The Babadook (2014) is a great example of this. There is no external tormentor, corporeal or otherwise. The monstrosity is within our main character, our cinematic POV. What’s scarier to Dr. Jekyll than Mr. Hyde? While you can run away and physically fight stalkers and slashers, and to some extent gather crucifixes or recruit priests to your aide for demons, there’s no external remedy or escape for a personal heart of darkness.

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    1. You make a good point about internalised ‘hauntings.’ I often find realistic portrayals of insanity to be uncomfortable to watch. It’s a condition we’re all prone to as humans, and good purveyors of ghost and horror stories know how to plant a seed of dread within our imaginations. They know how potent the mind is at creating horrors that aren’t really there and how long lasting they can be after the apparent threat has receded.

      And I suspect that’s another reason why I’m not sure I want to see The Exorcist. For all its craft and its storytelling, I know it’ll leave a trace in my memory and it’ll be there forever. Short of having a lobotomy, there’ll be no going back once the deed has been done.

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  2. Growing up, The Exorcist was the scariest movie I’d ever watches. I still get goosebumps when watching that scene at the door. The music lends to the creepiness. Years ago, I picked up the score and even to this day, I can’t listen to it without getting the shivers. Thanks. Now I have to watch a cartoon to shake me out of the horror running through my mind.

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  3. I don’t think I’ve ever seen the movie The Exorcist, but I rather enjoyed the book several decades ago. It was interesting. Fiction that seriously scared me was (probably still is) a story called The Willows by Algernon Blackwood. It was the vagueness of the supernatural element that was terrifying — not a monster, not a ghost, just another realm impinging on ours in a terrifying way. And in real life, in a situation like walking through a dark space (indoors or out) I can scare myself by thinking about screaming — that the act of screaming will manifest a terror, not the other way around. OK, that’s enough!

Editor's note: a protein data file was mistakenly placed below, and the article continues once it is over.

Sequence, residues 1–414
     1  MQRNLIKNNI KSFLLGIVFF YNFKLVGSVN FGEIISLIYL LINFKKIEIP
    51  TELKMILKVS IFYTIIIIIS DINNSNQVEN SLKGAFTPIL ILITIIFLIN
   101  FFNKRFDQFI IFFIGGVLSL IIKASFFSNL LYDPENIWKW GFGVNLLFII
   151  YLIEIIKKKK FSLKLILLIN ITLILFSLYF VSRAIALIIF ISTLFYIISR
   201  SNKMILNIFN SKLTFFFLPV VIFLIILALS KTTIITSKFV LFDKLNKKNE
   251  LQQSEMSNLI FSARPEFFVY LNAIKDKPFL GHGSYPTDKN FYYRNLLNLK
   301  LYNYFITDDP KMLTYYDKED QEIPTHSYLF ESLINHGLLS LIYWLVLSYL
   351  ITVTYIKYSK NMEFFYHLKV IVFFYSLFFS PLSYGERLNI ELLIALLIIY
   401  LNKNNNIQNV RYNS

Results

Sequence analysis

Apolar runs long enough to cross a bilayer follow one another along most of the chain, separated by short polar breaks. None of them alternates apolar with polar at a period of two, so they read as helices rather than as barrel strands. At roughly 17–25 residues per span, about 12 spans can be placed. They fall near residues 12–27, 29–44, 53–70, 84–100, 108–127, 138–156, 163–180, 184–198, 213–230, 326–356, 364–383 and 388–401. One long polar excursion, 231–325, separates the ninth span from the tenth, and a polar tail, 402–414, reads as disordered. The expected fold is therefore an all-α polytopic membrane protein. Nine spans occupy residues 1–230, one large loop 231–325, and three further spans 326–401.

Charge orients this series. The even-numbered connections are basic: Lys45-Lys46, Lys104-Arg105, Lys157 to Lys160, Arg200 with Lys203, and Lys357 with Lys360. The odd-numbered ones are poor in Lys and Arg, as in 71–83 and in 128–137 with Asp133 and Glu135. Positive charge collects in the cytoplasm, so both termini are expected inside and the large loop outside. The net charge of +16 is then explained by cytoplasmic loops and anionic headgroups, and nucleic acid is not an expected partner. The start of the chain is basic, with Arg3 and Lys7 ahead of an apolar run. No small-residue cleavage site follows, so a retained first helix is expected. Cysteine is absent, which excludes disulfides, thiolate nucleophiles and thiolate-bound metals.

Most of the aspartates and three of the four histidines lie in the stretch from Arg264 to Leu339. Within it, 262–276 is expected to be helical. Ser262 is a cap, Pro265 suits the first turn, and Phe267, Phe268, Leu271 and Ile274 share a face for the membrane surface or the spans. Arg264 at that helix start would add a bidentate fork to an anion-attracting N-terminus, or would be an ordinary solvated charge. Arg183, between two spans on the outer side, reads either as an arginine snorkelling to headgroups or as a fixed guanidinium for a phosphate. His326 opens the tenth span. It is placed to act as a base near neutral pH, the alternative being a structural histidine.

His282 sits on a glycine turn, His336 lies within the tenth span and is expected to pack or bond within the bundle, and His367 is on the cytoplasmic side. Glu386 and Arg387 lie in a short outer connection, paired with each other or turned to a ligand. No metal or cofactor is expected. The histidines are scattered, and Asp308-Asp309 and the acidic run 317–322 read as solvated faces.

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    1. I’d like to see The Exorcist because it is based on a very good story. Maybe I should forget the film and read the book instead.

      And vagueness is a potent element in scariness; when the mind can’t make sense of something and transposes an inexplicable thing into an everyday context, thus turning the everyday into the uncanny!

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  4. I’m with you on The Excorcist. Never seen it, never will. Just thinking about it may cause nightmares. Oddly, I can read about demonic possession but I can’t watch it. Doesn’t make sense but that’s how it is. I’m claustrophobic so things like elevators and underground caves terrify me. Every time I step into an elevator I fear getting stuck. And forget about crawling into a small cave. I’ll pass.